- Yellowjackets are carnivorous during the brood rearing part of the season. They feed insects to their brood, and obtain the sugar for their flight-muscle energy mostly from secretions of the brood. During this time they can be attracted to traps baited with meat or fish. Near the end of summer, when brood rearing ceases and this sugar source is no longer available, yellow jackets become frantic for sugar, and can be baited with sugar-based baits. They are also much more likely to visit fall flowers for nectar than they are earlier in the season.
- The barbed stinger evolved as a colony defense against invertebrates; the invariable outcome of stinging a mammal or bird is that the stinger becomes lodged in the victim's skin and tears free from the honey bee's body, leading to her death within minutes. As such, there is rarely any evolutionary advantage for a bee to sting a mammal to defend itself as an individual; honey bees will generally only sting when the hive is directly threatened and honey bees found in the field or on a flower will rarely sting.
- Mainly European hornet. Other species may be more aggressive and have a more toxic sting.
- "Bumble Bees". Natural History Museum.
- Benton, Ted (2006). "Chapter 9: The British Species". Bumblebees. London, UK: HarperCollins Publishers. pp. 338–342. ISBN 0007174519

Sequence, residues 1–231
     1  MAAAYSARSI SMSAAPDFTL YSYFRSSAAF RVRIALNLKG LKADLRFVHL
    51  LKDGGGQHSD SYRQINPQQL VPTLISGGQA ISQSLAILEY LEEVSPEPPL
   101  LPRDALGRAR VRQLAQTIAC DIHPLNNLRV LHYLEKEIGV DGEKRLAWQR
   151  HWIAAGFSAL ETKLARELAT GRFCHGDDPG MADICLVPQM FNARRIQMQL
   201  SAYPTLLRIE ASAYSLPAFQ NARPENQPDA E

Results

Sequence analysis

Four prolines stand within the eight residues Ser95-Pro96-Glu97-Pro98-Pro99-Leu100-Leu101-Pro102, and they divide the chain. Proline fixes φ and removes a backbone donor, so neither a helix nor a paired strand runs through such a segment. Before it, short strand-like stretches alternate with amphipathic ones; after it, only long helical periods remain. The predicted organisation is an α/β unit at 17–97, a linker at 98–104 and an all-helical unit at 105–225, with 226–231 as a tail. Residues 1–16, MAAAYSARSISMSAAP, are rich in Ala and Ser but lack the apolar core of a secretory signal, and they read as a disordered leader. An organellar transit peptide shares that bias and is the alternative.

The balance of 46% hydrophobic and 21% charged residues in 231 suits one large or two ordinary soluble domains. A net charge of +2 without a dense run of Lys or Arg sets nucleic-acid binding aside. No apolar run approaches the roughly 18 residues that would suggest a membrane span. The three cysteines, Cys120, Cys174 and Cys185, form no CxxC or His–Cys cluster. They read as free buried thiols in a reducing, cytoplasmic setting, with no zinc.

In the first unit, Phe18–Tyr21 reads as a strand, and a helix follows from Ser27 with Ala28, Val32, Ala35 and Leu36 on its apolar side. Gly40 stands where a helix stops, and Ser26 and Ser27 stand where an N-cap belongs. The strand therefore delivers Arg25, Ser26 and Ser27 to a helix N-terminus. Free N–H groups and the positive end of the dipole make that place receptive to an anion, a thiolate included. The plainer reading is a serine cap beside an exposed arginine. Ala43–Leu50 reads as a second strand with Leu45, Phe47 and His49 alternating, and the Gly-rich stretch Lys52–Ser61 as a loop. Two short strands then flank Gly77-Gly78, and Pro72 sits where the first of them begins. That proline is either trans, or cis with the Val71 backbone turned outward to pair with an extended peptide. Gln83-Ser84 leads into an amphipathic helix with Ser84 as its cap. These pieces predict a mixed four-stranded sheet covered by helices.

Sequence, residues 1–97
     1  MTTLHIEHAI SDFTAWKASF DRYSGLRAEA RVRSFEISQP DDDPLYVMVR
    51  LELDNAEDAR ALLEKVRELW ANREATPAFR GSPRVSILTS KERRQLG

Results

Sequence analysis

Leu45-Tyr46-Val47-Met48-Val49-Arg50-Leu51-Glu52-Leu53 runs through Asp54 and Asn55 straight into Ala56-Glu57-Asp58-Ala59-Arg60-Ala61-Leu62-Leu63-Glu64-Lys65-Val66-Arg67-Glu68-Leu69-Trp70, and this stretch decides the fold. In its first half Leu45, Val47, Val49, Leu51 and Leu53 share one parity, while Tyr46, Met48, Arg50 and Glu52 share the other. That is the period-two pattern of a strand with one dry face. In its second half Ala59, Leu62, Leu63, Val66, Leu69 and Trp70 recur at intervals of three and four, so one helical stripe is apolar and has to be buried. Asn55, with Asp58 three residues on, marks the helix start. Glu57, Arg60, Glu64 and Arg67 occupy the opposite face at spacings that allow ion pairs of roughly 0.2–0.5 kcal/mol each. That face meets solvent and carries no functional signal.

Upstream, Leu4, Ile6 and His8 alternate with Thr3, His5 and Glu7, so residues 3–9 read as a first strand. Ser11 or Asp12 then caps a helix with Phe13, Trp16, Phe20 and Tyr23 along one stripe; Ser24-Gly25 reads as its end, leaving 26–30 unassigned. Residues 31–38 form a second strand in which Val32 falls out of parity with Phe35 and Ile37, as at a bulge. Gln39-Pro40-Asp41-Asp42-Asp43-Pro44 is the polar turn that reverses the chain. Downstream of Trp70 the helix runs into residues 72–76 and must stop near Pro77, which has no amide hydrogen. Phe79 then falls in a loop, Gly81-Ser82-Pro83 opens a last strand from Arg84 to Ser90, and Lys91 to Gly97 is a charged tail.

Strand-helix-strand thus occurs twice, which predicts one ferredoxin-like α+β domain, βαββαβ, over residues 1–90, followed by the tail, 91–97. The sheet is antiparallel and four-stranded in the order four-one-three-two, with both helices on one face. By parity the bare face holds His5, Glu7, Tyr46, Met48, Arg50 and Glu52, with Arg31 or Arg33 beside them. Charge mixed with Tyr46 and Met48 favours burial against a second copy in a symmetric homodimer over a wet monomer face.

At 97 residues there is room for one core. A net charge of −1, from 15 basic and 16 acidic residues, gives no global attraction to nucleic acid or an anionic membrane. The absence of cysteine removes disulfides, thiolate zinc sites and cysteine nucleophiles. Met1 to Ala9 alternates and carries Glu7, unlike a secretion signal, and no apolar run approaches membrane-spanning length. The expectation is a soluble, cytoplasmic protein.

- Ross, Piper (2007). Extraordinary Animals: An Encyclopedia of Curious and Unusual Animals. pp. 9–11. ISBN 978-0-313-33922-6.
- http://news.nationalgeographic.com/news/2013/10/131004-giant-hornet-insects-attacks-china-animals-science/[dead link]
- Park, Madison; Zhang, Dayu; Landau, Elizabeth (4 October 2013). "Deadly giant hornets kill 42 people in China". CNN.
- Unless otherwise noted, sting pains are from The sting of the Wild by Justin O. Schmidt. Johns Hopkins University Press, Baltimore 2006, pp.226-229
- "Vespa mandarinia Smith, 1852".
- "Non-Honey Bee Stinging Insects in North Carolina". NC State Extension Publications. NC State University. Retrieved 3 September 2018.
- Lawrence, Neil. "Pest Control Advice - Wasps". www.oxford.gov.uk. Oxford City Council. Retrieved 3 September 2018.
Further reading Edit
- N. R. Levick; J. O. Schmidt; J. Harrison; G. S. Smith; K. D. Winkel (2000). "Review of bee and wasp sting injuries in Australia and the U.S.A. § Bees versus wasps: Appearance, Behaviour, and Venom chemistry". In Andrew D. Austin; Mark Dowton (eds.). Hymenoptera: evolution, biodiversity and biological control. Csiro Publishing. pp. 439–440. ISBN 978-0-643-06610-6.
- P. Gopalakrishnakone (1990). "Differences between wasps and bees". A Colour guide to dangerous animals. NUS Press. p. 47. ISBN 978-9971-69-150-9.
- Philip B. Mortenson (2008). "Bee · Wasp · Hornet · Ant". How to tell a turtle from a tortoise: a close look at nature's most confusing terms. Barnes & Noble. ISBN 978-0-7607-9002-1.
- Kevin T. Fitzgerald; Rebecca Vera (2006). "Insects — Hymenoptera". In Michael Edward Peterson; Patricia A. Talcott (eds.). Small animal toxicology (2nd ed.). Elsevier Health Sciences. ISBN 978-0-7216-0639-2.